The Role of Presidential Debates
In 1960, a sweaty, nervous looking, and makeup free Richard Nixon squared off against a youthful and energetic looking John F. Kennedy in the first nationally televised presidential debate. Historians generally agree that this televised appearance had a profound effect upon the result of the election. Since then, the importance of these debates has grown immensely. For many, these debates are what they rely upon to decide upon which candidate will receive their vote.
With the 2016 election approaching and the debate cycle beginning, it is important to consider the role presidential debates have played in the past.
This eLesson will help students better understand the role of presidential debates in presidential elections. Why is it so important that voters are given the opportunity to hear candidates discuss and debate key issues prior to elections? Furthermore, what role do presidential debates serve in modern election cycles? Does the current format of debates help or hurt this objective?
OPINION: Presidential Debates and Their Effects: Research Roundup http://journalistsresource.org/studies/politics/elections/presidential-debates-effects-research-roundup
OPINION: Do Presidential Debates Usually Matter? Political Scientists Say No. https://www.washingtonpost.com/news/wonk/wp/2012/10/03/what-political-scientists-know-about-debates/
Activity: Elections and Debates Throughout History Research
1. Prior to teaching this lesson, review Presidential Debates in History, a Bill of Rights Institute Resource which covers some of the history surrounding presidential debates. You may want to review this lesson with your students in order to give them a better understanding of the history of presidential debates. Organize your students into groups and assign each group one of the following elections:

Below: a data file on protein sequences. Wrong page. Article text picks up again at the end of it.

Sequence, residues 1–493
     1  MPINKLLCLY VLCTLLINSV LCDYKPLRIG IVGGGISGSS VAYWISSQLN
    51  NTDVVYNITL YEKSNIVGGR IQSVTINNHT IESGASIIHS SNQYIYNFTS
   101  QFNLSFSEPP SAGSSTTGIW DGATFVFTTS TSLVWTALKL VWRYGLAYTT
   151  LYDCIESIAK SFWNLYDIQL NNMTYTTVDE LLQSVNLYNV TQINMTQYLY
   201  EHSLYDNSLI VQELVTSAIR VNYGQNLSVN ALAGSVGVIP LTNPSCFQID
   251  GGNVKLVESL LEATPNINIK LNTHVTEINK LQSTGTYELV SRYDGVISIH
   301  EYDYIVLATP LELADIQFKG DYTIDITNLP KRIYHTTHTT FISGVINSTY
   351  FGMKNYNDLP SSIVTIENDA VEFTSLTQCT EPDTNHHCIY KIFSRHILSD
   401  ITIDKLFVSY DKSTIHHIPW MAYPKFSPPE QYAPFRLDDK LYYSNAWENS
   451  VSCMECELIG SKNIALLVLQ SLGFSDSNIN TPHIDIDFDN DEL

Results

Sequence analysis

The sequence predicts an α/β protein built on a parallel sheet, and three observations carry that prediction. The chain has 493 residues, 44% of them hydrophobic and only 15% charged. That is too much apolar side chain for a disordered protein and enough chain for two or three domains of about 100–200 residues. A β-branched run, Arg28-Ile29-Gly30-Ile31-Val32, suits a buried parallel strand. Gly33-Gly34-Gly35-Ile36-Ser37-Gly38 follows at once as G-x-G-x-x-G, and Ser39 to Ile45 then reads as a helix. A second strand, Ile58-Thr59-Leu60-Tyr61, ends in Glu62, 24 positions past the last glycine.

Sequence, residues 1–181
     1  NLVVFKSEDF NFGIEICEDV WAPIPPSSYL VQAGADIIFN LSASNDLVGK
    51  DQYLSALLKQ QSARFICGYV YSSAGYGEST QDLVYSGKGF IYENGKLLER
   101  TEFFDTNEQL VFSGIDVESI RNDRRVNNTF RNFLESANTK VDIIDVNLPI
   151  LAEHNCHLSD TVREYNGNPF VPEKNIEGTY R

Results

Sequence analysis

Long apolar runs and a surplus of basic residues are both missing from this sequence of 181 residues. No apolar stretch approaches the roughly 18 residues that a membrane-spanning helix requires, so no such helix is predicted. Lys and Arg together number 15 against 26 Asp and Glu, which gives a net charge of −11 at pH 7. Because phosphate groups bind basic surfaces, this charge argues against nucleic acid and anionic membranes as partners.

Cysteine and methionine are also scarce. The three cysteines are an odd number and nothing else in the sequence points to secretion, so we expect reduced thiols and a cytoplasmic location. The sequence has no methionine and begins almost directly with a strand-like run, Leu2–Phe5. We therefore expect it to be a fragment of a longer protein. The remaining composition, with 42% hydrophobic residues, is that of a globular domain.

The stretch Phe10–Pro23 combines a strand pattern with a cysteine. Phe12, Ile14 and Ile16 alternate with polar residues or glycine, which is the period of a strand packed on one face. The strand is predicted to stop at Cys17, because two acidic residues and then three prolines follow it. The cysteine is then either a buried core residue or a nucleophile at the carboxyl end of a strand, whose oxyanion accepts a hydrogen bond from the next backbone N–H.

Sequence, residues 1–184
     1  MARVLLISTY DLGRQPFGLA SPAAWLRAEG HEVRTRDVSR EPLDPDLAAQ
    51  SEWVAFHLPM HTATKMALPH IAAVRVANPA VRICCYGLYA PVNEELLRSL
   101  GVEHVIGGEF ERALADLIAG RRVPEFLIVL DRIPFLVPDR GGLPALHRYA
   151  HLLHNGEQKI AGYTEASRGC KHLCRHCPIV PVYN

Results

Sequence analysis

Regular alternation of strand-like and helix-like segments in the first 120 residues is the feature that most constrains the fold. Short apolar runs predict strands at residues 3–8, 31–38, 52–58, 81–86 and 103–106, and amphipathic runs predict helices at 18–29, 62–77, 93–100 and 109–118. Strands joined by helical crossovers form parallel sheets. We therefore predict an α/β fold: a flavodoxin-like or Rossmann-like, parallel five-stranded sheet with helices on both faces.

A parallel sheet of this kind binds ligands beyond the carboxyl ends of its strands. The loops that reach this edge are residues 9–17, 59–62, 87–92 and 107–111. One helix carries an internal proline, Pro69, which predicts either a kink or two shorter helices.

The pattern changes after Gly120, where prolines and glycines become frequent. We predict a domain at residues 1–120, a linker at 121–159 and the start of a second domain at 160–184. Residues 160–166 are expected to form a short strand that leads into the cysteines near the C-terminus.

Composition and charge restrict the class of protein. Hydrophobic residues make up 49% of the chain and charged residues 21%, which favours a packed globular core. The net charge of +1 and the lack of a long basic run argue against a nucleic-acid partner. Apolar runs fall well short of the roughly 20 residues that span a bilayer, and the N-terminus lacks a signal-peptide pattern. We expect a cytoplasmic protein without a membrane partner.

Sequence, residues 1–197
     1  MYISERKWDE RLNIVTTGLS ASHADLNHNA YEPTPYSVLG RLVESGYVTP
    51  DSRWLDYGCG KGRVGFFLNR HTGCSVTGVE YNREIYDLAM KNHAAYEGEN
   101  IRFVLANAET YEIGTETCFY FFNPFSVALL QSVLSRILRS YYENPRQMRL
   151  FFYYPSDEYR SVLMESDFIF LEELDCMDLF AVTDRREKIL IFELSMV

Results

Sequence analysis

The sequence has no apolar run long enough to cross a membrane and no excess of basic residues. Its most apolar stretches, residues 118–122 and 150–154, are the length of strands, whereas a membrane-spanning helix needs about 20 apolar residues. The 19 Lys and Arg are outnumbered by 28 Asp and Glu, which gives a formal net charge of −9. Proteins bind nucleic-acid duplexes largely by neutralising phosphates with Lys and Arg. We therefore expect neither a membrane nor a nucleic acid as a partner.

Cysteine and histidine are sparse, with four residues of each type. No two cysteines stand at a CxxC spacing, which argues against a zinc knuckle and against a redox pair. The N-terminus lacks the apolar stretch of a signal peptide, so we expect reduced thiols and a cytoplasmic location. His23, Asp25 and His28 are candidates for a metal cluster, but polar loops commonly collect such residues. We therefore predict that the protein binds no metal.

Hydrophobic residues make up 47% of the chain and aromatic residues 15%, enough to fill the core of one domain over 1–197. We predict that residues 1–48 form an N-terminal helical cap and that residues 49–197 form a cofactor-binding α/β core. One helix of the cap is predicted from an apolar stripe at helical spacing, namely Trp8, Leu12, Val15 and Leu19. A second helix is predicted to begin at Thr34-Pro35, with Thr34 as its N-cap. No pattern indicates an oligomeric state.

- Presidential Election: Thomas Jefferson v. John Adams (1800)
- Presidential Election of 1860
- Presidential Election: Franklin Roosevelt v. Wendell Willkie (1940)
- Presidential Election: John F. Kennedy v. Richard Nixon (1960)
- Presidential Election: Ronald Reagan v. Jimmy Carter (1980)
- Presidential Election: Barrack Obama v. Mitt Romney (2012)
2. Instruct each group to spend some time researching these elections, focusing on the importance that debates played in the election. Distribute the following questions to your students in order to help guide their research:
- Were there any debates held? If so, what was the medium of the debate and how was it broadcast to the nation? In other words, was it conducted in person, written up in a newspaper, hosted on, or the radio or on television?
- What were the major issues debated? How do these issues compare to issues that are debated today?
- How much of a role did these debates play? Were these debates more or less influential than they are today?
- If there was no debate, how did the candidates campaign and present their positions?
3. Allow each group to briefly share their research with the class.
4. Following each group’s presentation briefly discuss the elections listed above as a class in order to compare and contrast the various elections. Alternatively, you can heavily focus on this portion of the eLesson by having your students select two of the elections and create a Venn Diagram comparing and contrasting the chosen elections.
Activity: The Importance of Modern Debates Discussion 1.
1. In class, or as homework the night before, have your students review the two opinion articles regarding presidential debates and to conduct their own research. Encourage your students to consider the following questions as they read the above articles and any others they find:
- What is the author’s main argument in this piece?
- Why does the author argue that presidential debates are or are not important?
- What would it take to change the authors perspective on the nature of presidential debates? What kinds of things would make the author change their mind regarding their opinion?
2. Conduct a Socratic style discussion with your class about the modern role of presidential debates. Organize your students in a way that will encourage discussion during this activity. Students will take turns speaking in a queue in which successive students contribute to the discussion with new or additional points. The focus should be to better understanding through discussion. Some sample discussion questions are listed below:
- What do presidential debates allow voters to learn; what impact would voters not seeing debates have on modern elections?
- Are debates effective in changing the minds of people who view them?
- What changes to the debate system or format could make them more effective?
- In what ways are modern debates similar or different from the historical debates we have discussed?